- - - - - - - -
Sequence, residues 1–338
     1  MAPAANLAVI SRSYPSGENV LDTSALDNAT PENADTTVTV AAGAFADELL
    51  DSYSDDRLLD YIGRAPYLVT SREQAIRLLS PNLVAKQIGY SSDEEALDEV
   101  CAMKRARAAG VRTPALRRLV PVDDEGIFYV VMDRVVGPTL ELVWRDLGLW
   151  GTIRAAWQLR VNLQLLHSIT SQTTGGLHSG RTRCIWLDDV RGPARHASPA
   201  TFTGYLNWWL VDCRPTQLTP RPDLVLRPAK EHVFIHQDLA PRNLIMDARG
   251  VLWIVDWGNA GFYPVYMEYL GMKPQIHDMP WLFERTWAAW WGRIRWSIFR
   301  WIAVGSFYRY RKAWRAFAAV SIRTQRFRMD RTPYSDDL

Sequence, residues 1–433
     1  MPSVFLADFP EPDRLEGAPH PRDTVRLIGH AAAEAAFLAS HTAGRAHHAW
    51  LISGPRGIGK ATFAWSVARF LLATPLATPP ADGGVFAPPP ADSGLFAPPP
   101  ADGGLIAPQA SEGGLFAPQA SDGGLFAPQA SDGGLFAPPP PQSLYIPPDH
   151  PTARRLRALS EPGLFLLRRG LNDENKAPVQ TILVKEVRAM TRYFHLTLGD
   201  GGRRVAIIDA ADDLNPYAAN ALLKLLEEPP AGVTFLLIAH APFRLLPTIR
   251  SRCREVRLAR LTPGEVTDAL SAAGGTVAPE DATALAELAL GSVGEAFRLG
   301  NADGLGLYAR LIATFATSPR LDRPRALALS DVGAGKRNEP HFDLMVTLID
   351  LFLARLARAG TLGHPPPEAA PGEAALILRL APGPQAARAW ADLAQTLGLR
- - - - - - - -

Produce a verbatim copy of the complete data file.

Sequence, residues 1–338
     1  MAPAANLAVI SRSYPSGENV LDTSALDNAT PENADTTVTV AAGAFADELL
    51  DSYSDDRLLD YIGRAPYLVT SREQAIRLLS PNLVAKQIGY SSDEEALDEV
   101  CAMKRARAAG VRTPALRRLV PVDDEGIFYV VMDRVVGPTL ELVWRDLGLW
   151  GTIRAAWQLR VNLQLLHSIT SQTTGGLHSG RTRCIWLDDV RGPARHASPA
   201  TFTGYLNWWL VDCRPTQLTP RPDLVLRPAK EHVFIHQDLA PRNLIMDARG
   251  VLWIVDWGNA GFYPVYMEYL GMKPQIHDMP WLFERTWAAW WGRIRWSIFR
   301  WIAVGSFYRY RKAWRAFAAV SIRTQRFRMD RTPYSDDL

Sequence, residues 1–433
     1  MPSVFLADFP EPDRLEGAPH PRDTVRLIGH AAAEAAFLAS HTAGRAHHAW
    51  LISGPRGIGK ATFAWSVARF LLATPLATPP ADGGVFAPPP ADSGLFAPPP
   101  ADGGLIAPQA SEGGLFAPQA SDGGLFAPQA SDGGLFAPPP PQSLYIPPDH
   151  PTARRLRALS EPGLFLLRRG LNDENKAPVQ TILVKEVRAM TRYFHLTLGD
   201  GGRRVAIIDA ADDLNPYAAN ALLKLLEEPP AGVTFLLIAH APFRLLPTIR
   251  SRCREVRLAR LTPGEVTDAL SAAGGTVAPE DATALAELAL GSVGEAFRLG
   301  NADGLGLYAR LIATFATSPR LDRPRALALS DVGAGKRNEP HFDLMVTLID
   351  LFLARLARAG TLGHPPPEAA PGEAALILRL APGPQAARAW ADLAQTLGLR